Evolving scene on sentencing for Y-12 protesters


The Transform Now Plowshares, from left, Greg Boertje-Obed, Sister Megan Rice and Michael Walli. (KNS photo/Saul Young)

Today’s sentencing hearing for the Plowshares protesters has been shifted from noon to 1:30 p.m., with all three to be in court at the same time, and there seems to be renewed optimism in the defense camp for reduced sentences by U.S. District Judge Amul R. Thapar.

The cause for optimism relates to a “friend-of-the-court” brief that was filed late Monday by Douglas A. Berman, a law professor at the Ohio State University Moritz College of Law. The federal judge had requested the legal brief, which deals with the flexibility in sentencing individuals under the felony convictions for sabotage, and it appears that Berman’s interpretation would give the judge some additional ability to distinguish between terrorists and anti-nuclear weapons activists and perhaps consider other “good works” in possibly departing from the sentencing commission’s recommended guidelines.

The attorneys for the Y-12 protesters — Michael Walli, Greg Boertje-Obed and Sister Megan Rice — filed a response Monday night at the judge’s request to address Berman’s brief and to provide additional arguments for a possible reduction in sentences for the Walli, Boertje-Obed and Rice.

“I think the peace community is very hopeful that this will liberate the judge, to either sentence these folks to time served, in which they would leave today, or do some sort of minimum additional imprisonment — perhaps an additional year,” William Quigley, a law professor at Loyola New Orleans University who’s is working pro bono for the peace activists.

Quigley said the essence of Berman’s brief is that there is no mandatory minimum sentence and that the judge is not restricted to ruling in any particular way.

“These are peace protesters, very much not what you would think of as saboteurs,” Quigley said.

Thapar earlier had set up individual sentencing hearings for the three protesters, but he now has agreed to consolidate them again. So Walli, Boertje-Obed and Rice will all be in the courtroom at the same time, although the judge will sentence them individually.

It’s been nine months since the faith-based activists were convicted on federal charges associated with the July 28, 2012 break-in at the Y-12 nuclear weapons plant in Oak Ridge and nearly a month after the first attempt at sentencing got snowed to a halt.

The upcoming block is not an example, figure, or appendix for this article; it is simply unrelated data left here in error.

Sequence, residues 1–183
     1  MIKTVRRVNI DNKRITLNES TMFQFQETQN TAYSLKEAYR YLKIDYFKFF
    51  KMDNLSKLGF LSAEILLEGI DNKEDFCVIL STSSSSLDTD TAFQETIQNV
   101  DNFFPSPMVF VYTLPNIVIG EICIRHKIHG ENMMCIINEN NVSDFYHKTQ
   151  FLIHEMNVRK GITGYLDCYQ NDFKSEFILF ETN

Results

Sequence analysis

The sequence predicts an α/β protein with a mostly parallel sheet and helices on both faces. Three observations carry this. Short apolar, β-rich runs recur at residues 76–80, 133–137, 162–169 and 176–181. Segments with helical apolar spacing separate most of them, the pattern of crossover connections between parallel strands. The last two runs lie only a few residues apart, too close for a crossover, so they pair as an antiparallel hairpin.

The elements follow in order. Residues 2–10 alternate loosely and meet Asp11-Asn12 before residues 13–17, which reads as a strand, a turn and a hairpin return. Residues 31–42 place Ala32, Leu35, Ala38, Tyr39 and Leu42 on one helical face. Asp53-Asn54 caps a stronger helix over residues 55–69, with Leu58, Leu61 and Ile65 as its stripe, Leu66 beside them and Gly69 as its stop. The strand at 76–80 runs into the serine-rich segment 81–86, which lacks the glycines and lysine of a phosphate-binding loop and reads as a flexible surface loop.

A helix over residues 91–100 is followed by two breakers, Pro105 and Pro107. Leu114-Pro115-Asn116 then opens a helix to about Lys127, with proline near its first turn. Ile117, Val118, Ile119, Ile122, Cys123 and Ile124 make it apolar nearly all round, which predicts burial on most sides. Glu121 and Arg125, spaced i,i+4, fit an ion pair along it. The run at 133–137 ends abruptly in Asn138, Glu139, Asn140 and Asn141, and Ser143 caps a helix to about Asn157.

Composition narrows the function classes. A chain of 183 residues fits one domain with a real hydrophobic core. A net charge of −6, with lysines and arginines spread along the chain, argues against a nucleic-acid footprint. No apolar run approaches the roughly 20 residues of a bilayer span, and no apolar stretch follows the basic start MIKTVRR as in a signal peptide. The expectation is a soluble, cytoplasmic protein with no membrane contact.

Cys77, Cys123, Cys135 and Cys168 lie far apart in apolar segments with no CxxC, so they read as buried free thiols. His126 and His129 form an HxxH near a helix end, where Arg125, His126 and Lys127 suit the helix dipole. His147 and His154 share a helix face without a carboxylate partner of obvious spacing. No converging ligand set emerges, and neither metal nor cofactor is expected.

The previous sentencing hearing on Jan. 18 was consolidated so that the three defendants could share common witnesses. But that portion of the hearing was completed before snow forced the early closing of the courthouse.

Walli, Boertje-Obed and Rice will each have a last chance to state their case before the judge and make an argument as to why they should received a reduced sentence and perhaps to elaborate on the reasons for their actions.

The peace activists, who referred to themselves collectively as the Transform Now Plowshares, never denied any of the actions taken at Y-12. They openly admitted, before and during the trial, that they cut through fences, spray-painted messages on structures inside the government facility, and tossed human blood on the walls of the plant’s storehouse for bomb-grade uranium.

The protesters maintained that their actions were necessary in order to protect humankind from the possibility of nuclear destruction. They also suggested that the real criminal activity is Y-12’s continued production of warhead parts.

They were convicted of sabotage and depredation of government property, both serious felony charges.

Assistant U.S. Attorney Jeff Theodore has argued for the court to follow the recommended sentencing guidelines for the felony convictions. He stated that the three activists have shown no remorse for their actions and, in fact, have “reveled” in their destructive acts at Y-12 and likely will do it again in the future if freed.

The still-unanswered question is whether Thapar will follow the government’s recommended sentencing guidelines for the three or accept any of the arguments for a “departure” from those recommendations.

Rice, who turned 84 years old on Jan. 31, faces a recommended sentence between 5 years, 10 months and seven years, three months. The sentences recommended for Walli, 65, and Boertje-Obed, 58, are higher, based on the number of previous convictions and other factors.

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About Frank Munger

Senior Writer Frank Munger covers the Dept. of Energy's Oak Ridge facilities and many related topics — nuclear weapons, nuclear waste and other things nuclear, environmental cleanup and science of all sorts. Atomic City Underground is, first and foremost, a news blog, but there's room for analysis, opinion and random thoughts that have no place else to go.